Are you an outsider? If you work for a company, corporation, school or university, chances are you’re not. And if you’re not an outsider, you can’t provide a totally objective opinion on the effectiveness of your organization’s safety and security programs due to your involvement, relationships, and, in some cases, prejudice, in the operations of your organization.

Since most organizations do not have the staffing, expertise, and resources to conduct an assessment as detailed and comprehensive as is required to help to ensure the safety of your people, property, and assets, the best option is considering the services of an outsider—an independent professional—to provide an objective, impartial and unbiased opinion.

Priority #1—Protecting People and Brand

After conducting countless security and risk assessments in the private and public sectors, I have found the paramount concerns of my clients are the safety of their people and integrity of their brand. With that understanding, an assessment needs to be uniquely tailored to best serve that particular client to deliver the highest value possible to the engagement. My projects follow a developed and still evolving process based on the 35+ years of experience of my team in law enforcement, security, legal, and human resources.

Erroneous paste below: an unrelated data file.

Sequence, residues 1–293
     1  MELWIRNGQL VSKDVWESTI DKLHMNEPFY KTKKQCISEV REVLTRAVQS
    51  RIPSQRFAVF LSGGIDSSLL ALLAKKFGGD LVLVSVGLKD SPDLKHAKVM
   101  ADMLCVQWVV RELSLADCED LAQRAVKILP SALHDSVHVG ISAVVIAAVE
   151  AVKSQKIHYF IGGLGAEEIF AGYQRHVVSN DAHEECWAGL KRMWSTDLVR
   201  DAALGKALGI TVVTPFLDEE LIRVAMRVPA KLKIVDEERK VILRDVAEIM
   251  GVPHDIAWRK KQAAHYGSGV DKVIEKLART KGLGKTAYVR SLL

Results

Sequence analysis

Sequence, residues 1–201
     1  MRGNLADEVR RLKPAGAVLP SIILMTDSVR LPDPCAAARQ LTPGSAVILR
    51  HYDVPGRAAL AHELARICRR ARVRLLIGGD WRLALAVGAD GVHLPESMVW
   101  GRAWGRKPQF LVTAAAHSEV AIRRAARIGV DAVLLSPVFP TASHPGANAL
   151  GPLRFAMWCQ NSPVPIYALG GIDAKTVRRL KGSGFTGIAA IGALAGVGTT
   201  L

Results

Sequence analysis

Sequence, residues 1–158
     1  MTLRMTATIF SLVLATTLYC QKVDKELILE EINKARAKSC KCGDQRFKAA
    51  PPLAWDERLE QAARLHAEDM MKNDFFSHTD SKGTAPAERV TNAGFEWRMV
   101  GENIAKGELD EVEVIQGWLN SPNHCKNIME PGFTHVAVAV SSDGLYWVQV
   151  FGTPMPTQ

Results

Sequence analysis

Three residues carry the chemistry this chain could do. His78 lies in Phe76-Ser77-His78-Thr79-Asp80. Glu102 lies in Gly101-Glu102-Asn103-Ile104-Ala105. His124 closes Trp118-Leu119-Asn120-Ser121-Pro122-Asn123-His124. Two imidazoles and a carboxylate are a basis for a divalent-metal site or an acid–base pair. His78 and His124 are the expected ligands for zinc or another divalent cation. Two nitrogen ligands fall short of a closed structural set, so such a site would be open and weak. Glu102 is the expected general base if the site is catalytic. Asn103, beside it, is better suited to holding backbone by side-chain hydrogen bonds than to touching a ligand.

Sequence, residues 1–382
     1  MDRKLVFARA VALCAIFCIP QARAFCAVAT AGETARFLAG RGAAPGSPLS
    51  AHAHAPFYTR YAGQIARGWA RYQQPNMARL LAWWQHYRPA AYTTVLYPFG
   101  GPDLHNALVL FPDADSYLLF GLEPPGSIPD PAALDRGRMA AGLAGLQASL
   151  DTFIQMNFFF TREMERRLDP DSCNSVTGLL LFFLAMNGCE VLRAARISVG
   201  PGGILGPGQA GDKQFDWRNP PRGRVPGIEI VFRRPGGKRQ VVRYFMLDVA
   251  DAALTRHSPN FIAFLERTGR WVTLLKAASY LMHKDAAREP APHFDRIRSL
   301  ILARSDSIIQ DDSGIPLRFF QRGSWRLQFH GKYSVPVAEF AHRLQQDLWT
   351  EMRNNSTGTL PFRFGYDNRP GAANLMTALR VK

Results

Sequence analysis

Independence + Refreshing and Unadulterated Candor = Improved Safety

An organization can benefit from the insight and counsel that an outsider can provide if that consultant has successfully completed similar engagements. By leveraging experiences with comparable clients and organizations, a consultant offers an independent voice that benchmarks your operations with best practices in the industry. Someone with different experiences than you and your team can apply lessons learned to your unique situation and deliver an assessment report that identifies what’s lacking in your programs and policies so you can update, enhance, and improve them. In other words, the consultant can help you see the forest through the trees, or in our world, the vulnerabilities that leave you exposed to potential harm.